Labour Relations and Industrial Performance in Brazil: Greater Saao Paulo, 1945-1960 Renato Colistete

By Renato Colistete | Go to book overview

Preface

Economic history as an academic discipline has a long tradition of analysis of economic growth, industrialisation and economic performance. A more difficult subject has been the links and reciprocal influences between institutions and social actors on the one hand, and economic outcomes on the other. In part, such a difficulty lies in the shortcomings of economic analysis itself, as most economic approaches rule out institutions and social groups as relevant variables in their theories and models. More important, however, are the analytical difficulties in coming to terms with the multifaceted nature of institutions and social actors and their impact on economic outcomes from a historical perspective. The issue has been addressed by scholars from different theoretical perspectives. 1 Even so, systematic research in economic history following their steps has been relatively scant. A striking example of this is the paucity of research into the long-term impact of labour relations on economic outcomes such as growth, industrial performance and competitiveness.

Such an unsatisfactory state of affairs in economic history is well illustrated by the historiography on industrialisation in Brazil. Although numerous sociological, political and historical studies have provided valuable descriptions and interpretations of the nature and evolution of industrial labour relations in Brazil, there have been very few attempts to address the links between labour and economic outcomes. Overall the Brazilian working class was seen as marked by a lack of class consciousness – owing to its rural origins or political manipulation – which prevented it from playing an effective role in Brazil’s industrialisation process. As argued by a major exponent of this interpretation, what was unusual in Brazil was the absence of ‘conflict between capital and labour’ as a decisive factor in ‘industrial modernisation, democracy and general dynamics of social change’ in Brazilian history. 2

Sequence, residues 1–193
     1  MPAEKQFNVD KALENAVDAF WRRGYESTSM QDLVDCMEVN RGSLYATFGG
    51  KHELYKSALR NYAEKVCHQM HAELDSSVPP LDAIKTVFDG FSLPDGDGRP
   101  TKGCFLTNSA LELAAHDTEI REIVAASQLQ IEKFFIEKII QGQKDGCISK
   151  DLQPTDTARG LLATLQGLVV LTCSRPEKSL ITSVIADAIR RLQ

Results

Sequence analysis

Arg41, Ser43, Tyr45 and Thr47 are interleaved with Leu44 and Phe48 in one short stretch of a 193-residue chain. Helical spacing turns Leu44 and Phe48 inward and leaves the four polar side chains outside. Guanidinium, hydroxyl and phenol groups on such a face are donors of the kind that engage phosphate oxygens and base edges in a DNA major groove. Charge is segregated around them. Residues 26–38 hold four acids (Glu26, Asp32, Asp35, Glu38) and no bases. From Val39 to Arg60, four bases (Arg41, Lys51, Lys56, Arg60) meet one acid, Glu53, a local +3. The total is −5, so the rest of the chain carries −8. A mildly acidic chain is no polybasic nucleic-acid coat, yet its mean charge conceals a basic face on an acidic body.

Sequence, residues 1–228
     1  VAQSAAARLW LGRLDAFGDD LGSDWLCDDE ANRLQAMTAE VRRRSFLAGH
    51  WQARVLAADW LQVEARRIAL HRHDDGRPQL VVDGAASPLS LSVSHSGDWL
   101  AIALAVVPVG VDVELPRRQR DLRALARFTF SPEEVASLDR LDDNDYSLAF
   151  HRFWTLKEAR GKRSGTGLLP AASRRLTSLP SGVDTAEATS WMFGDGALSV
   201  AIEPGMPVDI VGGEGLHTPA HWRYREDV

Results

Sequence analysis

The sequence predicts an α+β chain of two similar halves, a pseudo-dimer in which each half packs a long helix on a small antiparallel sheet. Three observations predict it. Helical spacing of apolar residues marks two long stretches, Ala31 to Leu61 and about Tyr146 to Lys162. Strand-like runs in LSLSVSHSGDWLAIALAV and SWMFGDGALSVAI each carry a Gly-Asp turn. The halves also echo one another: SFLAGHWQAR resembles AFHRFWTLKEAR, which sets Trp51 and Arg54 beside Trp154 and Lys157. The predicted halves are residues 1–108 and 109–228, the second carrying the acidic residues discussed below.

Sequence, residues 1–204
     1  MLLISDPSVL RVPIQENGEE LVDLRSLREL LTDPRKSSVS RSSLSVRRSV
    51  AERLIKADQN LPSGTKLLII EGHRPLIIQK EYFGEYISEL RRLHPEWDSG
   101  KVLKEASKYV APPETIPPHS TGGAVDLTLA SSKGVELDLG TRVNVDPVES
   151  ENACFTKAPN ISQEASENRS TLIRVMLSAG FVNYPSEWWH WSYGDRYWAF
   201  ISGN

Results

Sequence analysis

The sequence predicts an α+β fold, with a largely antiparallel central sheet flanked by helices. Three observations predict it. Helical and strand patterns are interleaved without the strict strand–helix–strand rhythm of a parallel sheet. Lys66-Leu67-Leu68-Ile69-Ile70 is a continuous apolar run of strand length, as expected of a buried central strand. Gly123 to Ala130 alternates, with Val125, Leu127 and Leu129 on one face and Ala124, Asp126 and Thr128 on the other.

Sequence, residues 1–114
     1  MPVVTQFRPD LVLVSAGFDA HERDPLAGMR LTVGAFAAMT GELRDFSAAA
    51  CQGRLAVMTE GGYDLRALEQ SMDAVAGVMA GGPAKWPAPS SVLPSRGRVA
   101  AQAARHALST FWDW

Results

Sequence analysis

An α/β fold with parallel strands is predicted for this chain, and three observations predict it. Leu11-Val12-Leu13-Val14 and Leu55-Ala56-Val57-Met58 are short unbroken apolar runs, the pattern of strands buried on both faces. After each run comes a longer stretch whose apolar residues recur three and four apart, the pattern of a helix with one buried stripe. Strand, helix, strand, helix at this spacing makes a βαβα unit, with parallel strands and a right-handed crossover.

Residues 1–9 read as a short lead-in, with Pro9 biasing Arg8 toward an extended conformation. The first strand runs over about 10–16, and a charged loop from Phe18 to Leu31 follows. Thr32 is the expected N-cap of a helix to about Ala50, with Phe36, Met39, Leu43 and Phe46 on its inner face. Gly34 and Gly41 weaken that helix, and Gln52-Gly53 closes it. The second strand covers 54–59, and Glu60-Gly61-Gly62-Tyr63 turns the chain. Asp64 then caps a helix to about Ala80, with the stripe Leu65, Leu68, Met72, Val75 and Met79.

Recently an important revisionist literature has attacked such premises and drawn a more dynamic view of industrial labour relations in Brazil. Nevertheless, following the parameters set by the classic views of labour relations, these revisionist studies have mostly focused on the political aspects of working-class organisation and its relationship with political parties and the state. As a result, the questions raised by this literature

-xxi-

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Labour Relations and Industrial Performance in Brazil: Greater Saao Paulo, 1945-1960 Renato Colistete
Table of contents

Table of contents

  • Title Page *
  • Contents vii
  • List of Figures xi
  • List of Tables xiii
  • List of Abbreviations xv
  • Acknowledgements xix
  • Preface xxi
  • Part I - The Industrial Workforce and the Labour Markets *
  • 1 - The Structure of the Labour Markets 3
  • 2 - Shaping the Labour Markets 33
  • Part II - Working Conditions *
  • 3 - The Factory Environment 65
  • 4 - Shaping the Factory Environment 93
  • Part III - Industrial Performance *
  • 5 - Industrial Capabilities 121
  • 6 - The Political Economy of Productivity Performance 153
  • 7 - Conclusions 183
  • Appendix A - Basic Economic and Labour Statistics 186
  • Appendix B - Factory Conditions in São Paulo 193
  • Notes 194
  • Bibliography 210
  • Index 222
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